In order to bring a competitive and efficient solution, the following key objectives should be considered:
The project should start with a global TRL of 3 to 4 for the considered components and conclude to the demonstration of a TRL 6 with tests in representative conditions of real environment and in flight demonstration.
The consortium should gather both academic and industrials with previous experience in the field of fuel cell applications for aeronautic and able to bring expertise in development, conception and testing in conditions representative of an aeronautical environment.
Any safety-related event that may occur during execution of the project shall be reported to the European Commission's Joint Research Centre (JRC) dedicated mailbox JRC-PTT-H2SAFETY@ec.europa.eu, which manages the European hydrogen safety reference database, HIAD.
Test activities should collaborate and use the protocols developed by the JRC Harmonisation Roadmap (see section 3.2.B "Collaboration with JRC – Rolling Plan 2018"), in order to benchmark performance of components and allow for comparison across different projects.
The FCH 2 JU considers that proposals requesting a contribution of EUR 4 million would allow the specific challenges to be addressed appropriately. Nonetheless, this does not preclude submission and selection of proposals requesting other amounts.
A maximum of 1 project may be funded under this topic.
Expected duration: 4 years
The first expected impact is to increase the range and autonomy of small battery based electrical aerial vehicles by a factor of two to four, allowing reaching relevant levels, compatible with targeted markets (people and goods transportation, industrial applications) and therefore, contributing to decarbonizing transportation. The second expected impact is to increase the credibility and therefore the consideration of fuel cell systems for the propulsion of passenger aircraft and UAVs in order to pave the way toward All Electric Aircraft. The development project of an All Electric 19 pax inter-city aircraft is a tremendous work, which will require major budget. It could only be initiated if feasibility is demonstrated at lower scale and if technical and economic targets are clearly and precisely established earlier.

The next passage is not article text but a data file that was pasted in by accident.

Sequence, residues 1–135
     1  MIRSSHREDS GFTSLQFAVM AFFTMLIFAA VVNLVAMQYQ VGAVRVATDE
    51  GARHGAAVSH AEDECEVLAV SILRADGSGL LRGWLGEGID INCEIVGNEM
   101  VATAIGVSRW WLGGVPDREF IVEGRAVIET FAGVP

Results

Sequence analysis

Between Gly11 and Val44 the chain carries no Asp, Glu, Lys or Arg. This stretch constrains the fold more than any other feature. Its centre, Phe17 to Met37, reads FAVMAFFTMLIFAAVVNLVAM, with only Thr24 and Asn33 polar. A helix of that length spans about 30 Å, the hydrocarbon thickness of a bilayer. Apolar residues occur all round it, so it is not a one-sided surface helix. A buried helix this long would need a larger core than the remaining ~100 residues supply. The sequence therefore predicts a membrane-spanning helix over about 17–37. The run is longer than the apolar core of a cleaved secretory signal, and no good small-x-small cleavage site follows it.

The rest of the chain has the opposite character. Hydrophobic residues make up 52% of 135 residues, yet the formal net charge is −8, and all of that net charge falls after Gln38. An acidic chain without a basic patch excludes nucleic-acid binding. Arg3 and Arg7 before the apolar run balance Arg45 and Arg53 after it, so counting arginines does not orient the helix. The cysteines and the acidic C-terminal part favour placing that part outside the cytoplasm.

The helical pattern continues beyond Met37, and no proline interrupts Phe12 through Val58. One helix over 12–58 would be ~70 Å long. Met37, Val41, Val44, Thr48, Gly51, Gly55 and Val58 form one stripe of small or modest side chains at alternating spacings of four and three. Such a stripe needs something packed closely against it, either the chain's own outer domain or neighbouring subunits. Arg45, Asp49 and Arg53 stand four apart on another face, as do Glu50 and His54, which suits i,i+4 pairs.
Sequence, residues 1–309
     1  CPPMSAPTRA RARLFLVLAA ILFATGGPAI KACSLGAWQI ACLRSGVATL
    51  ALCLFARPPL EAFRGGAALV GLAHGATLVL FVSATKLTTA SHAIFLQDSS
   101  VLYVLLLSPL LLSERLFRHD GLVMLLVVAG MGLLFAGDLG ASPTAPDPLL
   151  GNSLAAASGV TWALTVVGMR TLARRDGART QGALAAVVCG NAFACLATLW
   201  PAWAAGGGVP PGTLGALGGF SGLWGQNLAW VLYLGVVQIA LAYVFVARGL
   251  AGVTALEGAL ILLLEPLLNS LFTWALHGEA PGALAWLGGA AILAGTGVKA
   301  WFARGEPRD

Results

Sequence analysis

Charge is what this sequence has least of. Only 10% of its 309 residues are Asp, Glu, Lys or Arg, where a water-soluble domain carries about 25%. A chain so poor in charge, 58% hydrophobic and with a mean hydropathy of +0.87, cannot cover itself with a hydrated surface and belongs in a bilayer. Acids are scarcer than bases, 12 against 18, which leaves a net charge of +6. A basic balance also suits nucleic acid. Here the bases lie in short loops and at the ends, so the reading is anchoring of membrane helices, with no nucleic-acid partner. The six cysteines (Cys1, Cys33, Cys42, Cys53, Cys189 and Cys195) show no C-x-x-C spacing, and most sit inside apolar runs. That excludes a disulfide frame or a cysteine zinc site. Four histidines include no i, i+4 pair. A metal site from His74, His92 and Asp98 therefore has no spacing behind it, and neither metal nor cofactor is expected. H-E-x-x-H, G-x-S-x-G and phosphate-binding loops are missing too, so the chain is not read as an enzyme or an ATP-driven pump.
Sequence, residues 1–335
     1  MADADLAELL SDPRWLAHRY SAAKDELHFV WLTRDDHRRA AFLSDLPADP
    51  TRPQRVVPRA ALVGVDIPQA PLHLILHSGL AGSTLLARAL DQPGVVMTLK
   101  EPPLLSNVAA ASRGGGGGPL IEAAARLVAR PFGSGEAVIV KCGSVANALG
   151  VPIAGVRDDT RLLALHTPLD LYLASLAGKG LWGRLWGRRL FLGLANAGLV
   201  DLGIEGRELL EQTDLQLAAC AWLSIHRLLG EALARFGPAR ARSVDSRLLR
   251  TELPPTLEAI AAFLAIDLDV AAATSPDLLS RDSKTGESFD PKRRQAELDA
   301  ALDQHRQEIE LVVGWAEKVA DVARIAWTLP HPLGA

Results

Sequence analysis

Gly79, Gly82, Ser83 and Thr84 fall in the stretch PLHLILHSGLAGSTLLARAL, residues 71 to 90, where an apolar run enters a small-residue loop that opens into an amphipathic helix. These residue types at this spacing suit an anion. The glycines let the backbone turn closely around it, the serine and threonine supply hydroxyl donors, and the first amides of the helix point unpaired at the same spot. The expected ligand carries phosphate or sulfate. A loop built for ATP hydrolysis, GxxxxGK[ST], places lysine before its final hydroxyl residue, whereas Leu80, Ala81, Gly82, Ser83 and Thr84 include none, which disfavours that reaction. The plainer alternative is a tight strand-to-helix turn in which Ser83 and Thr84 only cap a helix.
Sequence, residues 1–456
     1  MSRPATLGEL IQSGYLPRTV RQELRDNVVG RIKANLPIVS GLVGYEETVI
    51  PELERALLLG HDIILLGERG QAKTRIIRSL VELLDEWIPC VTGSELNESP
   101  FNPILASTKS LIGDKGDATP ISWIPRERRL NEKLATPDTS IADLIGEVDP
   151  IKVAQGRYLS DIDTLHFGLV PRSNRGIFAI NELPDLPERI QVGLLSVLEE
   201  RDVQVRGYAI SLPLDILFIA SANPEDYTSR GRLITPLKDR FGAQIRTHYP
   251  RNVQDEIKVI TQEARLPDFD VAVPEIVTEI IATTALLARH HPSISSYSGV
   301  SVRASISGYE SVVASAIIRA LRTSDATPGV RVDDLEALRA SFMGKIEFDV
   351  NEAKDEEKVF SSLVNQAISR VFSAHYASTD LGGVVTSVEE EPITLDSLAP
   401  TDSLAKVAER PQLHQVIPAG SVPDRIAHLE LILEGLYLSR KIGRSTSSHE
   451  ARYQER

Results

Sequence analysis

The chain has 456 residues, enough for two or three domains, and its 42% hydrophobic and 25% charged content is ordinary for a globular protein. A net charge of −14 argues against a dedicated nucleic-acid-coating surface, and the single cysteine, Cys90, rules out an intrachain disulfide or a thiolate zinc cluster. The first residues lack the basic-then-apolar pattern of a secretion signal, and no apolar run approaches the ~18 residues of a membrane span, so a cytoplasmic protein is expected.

Another expected impact is the demonstration of the compliance to aviation standards of safety validated and demonstrated, to provide recommendations for RCS definition/amendments in the aerospace sector, for qualification test campaigns. For that, a connection should be established with the EUROCAE WG80 and the FAA's Aviation Rulemaking Committee (ARC), which involve aeronautical industry, FAA and EASA for the development of standards for hydrogen Fuel Cell system for Airborne applications. The project should therefore demonstrate clear in-roads on the path to the certification process, still a major roadblock on future commercialization.
The outcome should also allow to demonstrate the economic viability of a fuel cell and hydrogen based solution for the propulsion of a small aerial platform.
The fuel cell system lifetime and durability under representative operating conditions (≥ 4000 h accumulated operation under load of the very same FCS) is also part of the expected impacts, in addition to the following:
Footnote : Final report from joint CLEANSKY 2 / FCH 2 JUs workshop on aeronautical applications of fuel cells and hydrogen technologies, 15 & 16 September 2015, Lampoldshausen, Germany.
Type of action: Research and Innovation Action
The conditions related to this topic are provided in the chapter 3.3 and in the General Annexes to the Horizon 2020 Work Programme 2018– 2020 which apply mutatis mutandis.